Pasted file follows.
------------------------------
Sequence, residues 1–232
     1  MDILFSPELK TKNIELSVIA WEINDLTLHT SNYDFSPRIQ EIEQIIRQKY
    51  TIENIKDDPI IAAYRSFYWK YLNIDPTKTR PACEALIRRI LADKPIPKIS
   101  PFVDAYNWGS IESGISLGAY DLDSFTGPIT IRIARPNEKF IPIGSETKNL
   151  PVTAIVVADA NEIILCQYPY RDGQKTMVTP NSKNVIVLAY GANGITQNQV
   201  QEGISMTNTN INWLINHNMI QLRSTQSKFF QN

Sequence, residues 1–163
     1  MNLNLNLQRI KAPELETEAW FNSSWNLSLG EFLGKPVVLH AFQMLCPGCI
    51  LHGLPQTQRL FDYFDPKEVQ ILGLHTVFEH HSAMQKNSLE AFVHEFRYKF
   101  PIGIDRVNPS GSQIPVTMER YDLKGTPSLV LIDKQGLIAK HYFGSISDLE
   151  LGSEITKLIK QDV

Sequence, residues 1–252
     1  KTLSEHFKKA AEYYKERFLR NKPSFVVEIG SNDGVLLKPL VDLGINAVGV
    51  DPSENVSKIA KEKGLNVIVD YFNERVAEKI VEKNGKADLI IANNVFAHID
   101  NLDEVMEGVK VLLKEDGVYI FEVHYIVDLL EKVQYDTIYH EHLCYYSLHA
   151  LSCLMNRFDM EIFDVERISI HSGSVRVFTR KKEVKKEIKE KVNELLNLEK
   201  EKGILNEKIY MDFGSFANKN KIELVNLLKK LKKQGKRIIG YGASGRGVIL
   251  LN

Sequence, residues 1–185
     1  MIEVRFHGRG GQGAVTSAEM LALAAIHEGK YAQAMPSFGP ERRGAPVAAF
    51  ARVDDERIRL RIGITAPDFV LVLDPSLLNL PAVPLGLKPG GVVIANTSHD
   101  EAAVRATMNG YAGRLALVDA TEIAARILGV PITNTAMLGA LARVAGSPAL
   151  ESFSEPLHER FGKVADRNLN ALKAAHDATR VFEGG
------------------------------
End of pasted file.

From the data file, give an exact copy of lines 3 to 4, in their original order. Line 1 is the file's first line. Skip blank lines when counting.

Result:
    51  TIENIKDDPI IAAYRSFYWK YLNIDPTKTR PACEALIRRI LADKPIPKIS
   101  PFVDAYNWGS IESGISLGAY DLDSFTGPIT IRIARPNEKF IPIGSETKNL